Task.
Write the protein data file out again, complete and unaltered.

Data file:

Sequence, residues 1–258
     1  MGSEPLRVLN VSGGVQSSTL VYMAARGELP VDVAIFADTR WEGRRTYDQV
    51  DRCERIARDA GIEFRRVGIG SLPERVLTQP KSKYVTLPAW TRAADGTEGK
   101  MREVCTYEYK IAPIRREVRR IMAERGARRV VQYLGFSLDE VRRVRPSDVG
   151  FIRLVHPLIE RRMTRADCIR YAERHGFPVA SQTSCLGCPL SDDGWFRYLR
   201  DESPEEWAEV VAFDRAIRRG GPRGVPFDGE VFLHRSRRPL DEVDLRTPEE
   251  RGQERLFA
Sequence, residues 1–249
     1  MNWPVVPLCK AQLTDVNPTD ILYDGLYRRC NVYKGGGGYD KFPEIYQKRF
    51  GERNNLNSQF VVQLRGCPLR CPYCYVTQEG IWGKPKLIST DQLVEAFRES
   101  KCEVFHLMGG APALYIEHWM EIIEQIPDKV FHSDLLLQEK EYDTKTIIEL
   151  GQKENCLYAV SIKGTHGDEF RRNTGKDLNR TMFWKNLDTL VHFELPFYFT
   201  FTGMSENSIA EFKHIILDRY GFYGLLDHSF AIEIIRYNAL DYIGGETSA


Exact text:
Sequence, residues 1–258
     1  MGSEPLRVLN VSGGVQSSTL VYMAARGELP VDVAIFADTR WEGRRTYDQV
    51  DRCERIARDA GIEFRRVGIG SLPERVLTQP KSKYVTLPAW TRAADGTEGK
   101  MREVCTYEYK IAPIRREVRR IMAERGARRV VQYLGFSLDE VRRVRPSDVG
   151  FIRLVHPLIE RRMTRADCIR YAERHGFPVA SQTSCLGCPL SDDGWFRYLR
   201  DESPEEWAEV VAFDRAIRRG GPRGVPFDGE VFLHRSRRPL DEVDLRTPEE
   251  RGQERLFA
Sequence, residues 1–249
     1  MNWPVVPLCK AQLTDVNPTD ILYDGLYRRC NVYKGGGGYD KFPEIYQKRF
    51  GERNNLNSQF VVQLRGCPLR CPYCYVTQEG IWGKPKLIST DQLVEAFRES
   101  KCEVFHLMGG APALYIEHWM EIIEQIPDKV FHSDLLLQEK EYDTKTIIEL
   151  GQKENCLYAV SIKGTHGDEF RRNTGKDLNR TMFWKNLDTL VHFELPFYFT
   201  FTGMSENSIA EFKHIILDRY GFYGLLDHSF AIEIIRYNAL DYIGGETSA